Don’t Call Me Beautiful.

“You’re just so pretty, aren’t you?”…”Look at that beautiful smile!”…”Aw, what a gorgeous dress!” In the world of children (and especially girls), compliments on physical attributes are just as common as “More juice, please” (the “please” is optional) and “There’s no such thing as a Gruffalo!”

Dove has reported from its global research that only 11% of girls are comfortable using the word “beautiful” in describing themselves. Frightening news in itself, but look ahead: its study in 2004 found that only 2% of women worldwide considered themselves to be beautiful. Just the other day, The Independent brought to us the findings of a study suggesting that primary school-aged girls are skipping meals to meet their “ideal” body shape.

At first glance, these 2 paragraphs don’t add up – little girls constantly being called ‘beautiful’, growing up with the aversion and inability to use the word in reference to themselves. It is clear that calling people beautiful does not guarantee healthy body image or self-acceptance. Indeed, could these two things correlate negatively?

As I seek to understand the link between being over-complimented on beauty and then becoming disconnected from it, my personal battle has helped me tremendously. I was a little curly-haired, blue-eyed, frilly-dressed girls who was complimented for her physical appearance (NB: the picture below depicts a loving scene between my sister and I, for your viewing pleasure/relief from a bit of an intense blog).

In and of itself, there was nothing wrong with this. People’s intentions were good. I should have been told that I was beautiful, and every other little girl on the planet should be told the same. But somehow, over the years, comments about my appearance have fuelled the very wrong -but difficult to challenge- schema that the better I look, the more liked I am; and that if I don’t look a particular way, I am “less me”. The thought that because I don’t look a certain way (the way that is dictated to me through unrealistic images of unattainable standards), I am not beautiful, and that therein lies my worth as a human being. I fight this daily, as do most other women, and it is a heavy burden. I struggle to call myself beautiful.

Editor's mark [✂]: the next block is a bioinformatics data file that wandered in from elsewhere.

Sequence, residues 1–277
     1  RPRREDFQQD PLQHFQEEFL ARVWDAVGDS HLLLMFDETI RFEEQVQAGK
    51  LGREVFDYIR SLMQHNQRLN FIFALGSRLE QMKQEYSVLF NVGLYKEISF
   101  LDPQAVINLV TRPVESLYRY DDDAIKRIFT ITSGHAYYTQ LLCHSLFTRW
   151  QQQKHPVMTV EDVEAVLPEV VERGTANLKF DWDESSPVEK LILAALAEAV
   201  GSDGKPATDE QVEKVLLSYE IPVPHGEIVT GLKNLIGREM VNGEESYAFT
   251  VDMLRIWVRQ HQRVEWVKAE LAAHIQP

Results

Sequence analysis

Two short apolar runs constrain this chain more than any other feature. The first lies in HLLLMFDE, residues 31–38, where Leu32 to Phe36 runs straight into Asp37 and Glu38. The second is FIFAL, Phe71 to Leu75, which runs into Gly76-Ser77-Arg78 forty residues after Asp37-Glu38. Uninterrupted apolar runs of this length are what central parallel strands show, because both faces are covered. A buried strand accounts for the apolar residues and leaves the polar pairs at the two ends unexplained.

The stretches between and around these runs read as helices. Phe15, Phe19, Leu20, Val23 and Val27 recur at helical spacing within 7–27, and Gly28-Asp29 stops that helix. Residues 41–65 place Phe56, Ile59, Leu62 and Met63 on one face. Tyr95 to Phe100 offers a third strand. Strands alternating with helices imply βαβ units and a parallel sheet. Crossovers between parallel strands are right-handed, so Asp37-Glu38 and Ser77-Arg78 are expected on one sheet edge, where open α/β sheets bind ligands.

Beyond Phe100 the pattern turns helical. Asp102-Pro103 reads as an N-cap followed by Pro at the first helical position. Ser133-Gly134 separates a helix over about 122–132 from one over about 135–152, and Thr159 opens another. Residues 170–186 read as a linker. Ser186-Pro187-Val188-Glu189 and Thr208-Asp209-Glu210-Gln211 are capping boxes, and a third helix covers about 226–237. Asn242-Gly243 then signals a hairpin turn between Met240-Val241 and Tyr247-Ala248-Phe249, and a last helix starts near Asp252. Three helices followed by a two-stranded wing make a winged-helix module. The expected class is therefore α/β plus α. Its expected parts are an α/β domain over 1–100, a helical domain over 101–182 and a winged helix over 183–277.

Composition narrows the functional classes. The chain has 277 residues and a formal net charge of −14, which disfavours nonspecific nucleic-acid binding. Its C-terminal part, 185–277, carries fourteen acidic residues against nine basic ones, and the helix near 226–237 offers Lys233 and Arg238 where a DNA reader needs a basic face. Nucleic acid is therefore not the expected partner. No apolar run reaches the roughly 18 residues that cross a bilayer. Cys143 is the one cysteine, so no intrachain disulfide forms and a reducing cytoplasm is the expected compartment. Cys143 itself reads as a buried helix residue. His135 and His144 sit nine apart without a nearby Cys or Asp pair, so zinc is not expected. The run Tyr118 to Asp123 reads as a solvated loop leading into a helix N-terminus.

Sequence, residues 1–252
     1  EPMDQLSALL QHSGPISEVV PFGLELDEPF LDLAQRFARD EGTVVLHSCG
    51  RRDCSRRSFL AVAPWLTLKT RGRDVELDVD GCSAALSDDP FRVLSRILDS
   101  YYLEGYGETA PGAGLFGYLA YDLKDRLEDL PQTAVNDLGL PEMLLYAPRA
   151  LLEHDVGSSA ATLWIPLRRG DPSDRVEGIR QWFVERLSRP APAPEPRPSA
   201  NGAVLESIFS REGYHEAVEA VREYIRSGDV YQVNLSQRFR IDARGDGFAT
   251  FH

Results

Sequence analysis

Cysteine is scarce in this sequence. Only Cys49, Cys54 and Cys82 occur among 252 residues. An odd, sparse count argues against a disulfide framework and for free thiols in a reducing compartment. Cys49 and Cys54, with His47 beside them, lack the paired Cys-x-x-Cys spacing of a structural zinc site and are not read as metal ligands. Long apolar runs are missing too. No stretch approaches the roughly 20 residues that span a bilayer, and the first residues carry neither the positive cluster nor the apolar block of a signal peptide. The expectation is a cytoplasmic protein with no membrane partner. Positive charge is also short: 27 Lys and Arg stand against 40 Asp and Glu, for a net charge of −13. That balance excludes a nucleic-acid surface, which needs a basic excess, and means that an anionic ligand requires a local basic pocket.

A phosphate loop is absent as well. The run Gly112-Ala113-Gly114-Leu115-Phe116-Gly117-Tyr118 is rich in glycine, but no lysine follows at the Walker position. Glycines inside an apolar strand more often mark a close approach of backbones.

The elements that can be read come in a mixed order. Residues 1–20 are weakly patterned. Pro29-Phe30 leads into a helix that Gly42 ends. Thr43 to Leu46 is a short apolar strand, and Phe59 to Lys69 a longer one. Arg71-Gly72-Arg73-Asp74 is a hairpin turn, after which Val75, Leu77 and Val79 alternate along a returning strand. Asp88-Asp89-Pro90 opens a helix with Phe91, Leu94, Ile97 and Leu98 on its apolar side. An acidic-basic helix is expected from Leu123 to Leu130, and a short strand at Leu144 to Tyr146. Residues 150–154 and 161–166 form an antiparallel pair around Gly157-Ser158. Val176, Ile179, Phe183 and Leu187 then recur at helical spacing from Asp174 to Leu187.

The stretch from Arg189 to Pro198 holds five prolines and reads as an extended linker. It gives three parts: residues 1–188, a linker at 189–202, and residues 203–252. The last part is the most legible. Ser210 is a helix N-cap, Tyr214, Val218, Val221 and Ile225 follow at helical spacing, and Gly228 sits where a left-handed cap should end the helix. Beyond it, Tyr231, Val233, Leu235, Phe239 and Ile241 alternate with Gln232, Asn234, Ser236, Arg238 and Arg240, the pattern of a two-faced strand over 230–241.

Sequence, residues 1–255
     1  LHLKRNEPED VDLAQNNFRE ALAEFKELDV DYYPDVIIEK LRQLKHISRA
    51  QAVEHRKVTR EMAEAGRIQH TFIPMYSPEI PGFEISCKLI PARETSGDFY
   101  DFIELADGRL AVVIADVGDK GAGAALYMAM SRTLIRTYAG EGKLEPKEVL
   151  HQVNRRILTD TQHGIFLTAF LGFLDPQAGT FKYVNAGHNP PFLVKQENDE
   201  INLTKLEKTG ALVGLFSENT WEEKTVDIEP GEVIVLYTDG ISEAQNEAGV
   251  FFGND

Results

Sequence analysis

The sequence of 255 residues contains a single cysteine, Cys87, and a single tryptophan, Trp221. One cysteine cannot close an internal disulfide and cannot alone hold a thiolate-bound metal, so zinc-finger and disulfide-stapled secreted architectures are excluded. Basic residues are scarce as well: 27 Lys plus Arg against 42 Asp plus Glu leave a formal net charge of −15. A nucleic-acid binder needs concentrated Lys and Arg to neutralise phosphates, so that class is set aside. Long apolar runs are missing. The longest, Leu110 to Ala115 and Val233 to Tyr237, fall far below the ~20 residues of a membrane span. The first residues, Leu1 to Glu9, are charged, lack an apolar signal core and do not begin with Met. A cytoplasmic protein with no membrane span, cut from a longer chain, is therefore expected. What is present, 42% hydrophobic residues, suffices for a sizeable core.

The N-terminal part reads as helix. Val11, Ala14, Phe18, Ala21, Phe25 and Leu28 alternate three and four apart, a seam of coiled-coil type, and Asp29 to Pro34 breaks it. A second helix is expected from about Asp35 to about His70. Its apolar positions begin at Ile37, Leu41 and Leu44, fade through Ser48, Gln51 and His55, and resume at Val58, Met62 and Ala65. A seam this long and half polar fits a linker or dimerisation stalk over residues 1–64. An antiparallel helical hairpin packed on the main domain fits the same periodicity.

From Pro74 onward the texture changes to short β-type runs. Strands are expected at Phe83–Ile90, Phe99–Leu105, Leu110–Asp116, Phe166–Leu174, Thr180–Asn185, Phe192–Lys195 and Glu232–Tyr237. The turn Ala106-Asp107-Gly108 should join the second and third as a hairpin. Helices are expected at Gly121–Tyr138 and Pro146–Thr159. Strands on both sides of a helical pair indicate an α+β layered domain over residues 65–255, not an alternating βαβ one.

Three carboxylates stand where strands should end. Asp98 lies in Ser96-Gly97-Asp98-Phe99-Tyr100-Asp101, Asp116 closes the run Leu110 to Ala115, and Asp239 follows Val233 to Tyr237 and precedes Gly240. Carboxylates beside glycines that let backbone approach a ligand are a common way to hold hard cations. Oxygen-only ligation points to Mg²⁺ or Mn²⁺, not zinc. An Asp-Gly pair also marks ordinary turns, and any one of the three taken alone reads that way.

I remember a very minor incident of my sister’s quirky style being somewhat picked on at the dinner table by a visitor  – my mother jumped in like a lioness and shared the philosophy that laced our upbringing: children receive enough knocks from the world (the media’s unattainable and objectifying messages included) and she made it her mission to build us up and fortify us with love and support. My sister and I were taught that we were beautiful, and this did to a certain extent protect us from being beaten up by the world.

But the debate must move from solely encouraging positive body-image to appreciating people as whole beings, in part because parents cannot protect their children all of the time: and I did receive the message, loud and clear, that mainly, I was an object to be looked at; but primarily because that very message is wrong. I am a good enough human being and I am more than an object (See this excellent piece about looking beyond beauty by Melanie Klein for more). As my high-school music teacher told me when discussing the next 15 years of my life (he thought wanting to get married was silly and passé), “being pretty isn’t going to cut it when you’re divorced and have 3 kids running around you, Gemma.” Harsh and I hope not to experience what that feels like: but true. He should have added that “being pretty isn’t going to cut it when the media tells you you aren’t good enough.” That is where the rubber meets the road: no matter how beautiful we are told we are, we are NOT going to meet the standards forced upon us by society and media and co because they are not real. So at some point, we will be not beautiful (according to the narrow and superficial definition we throw around).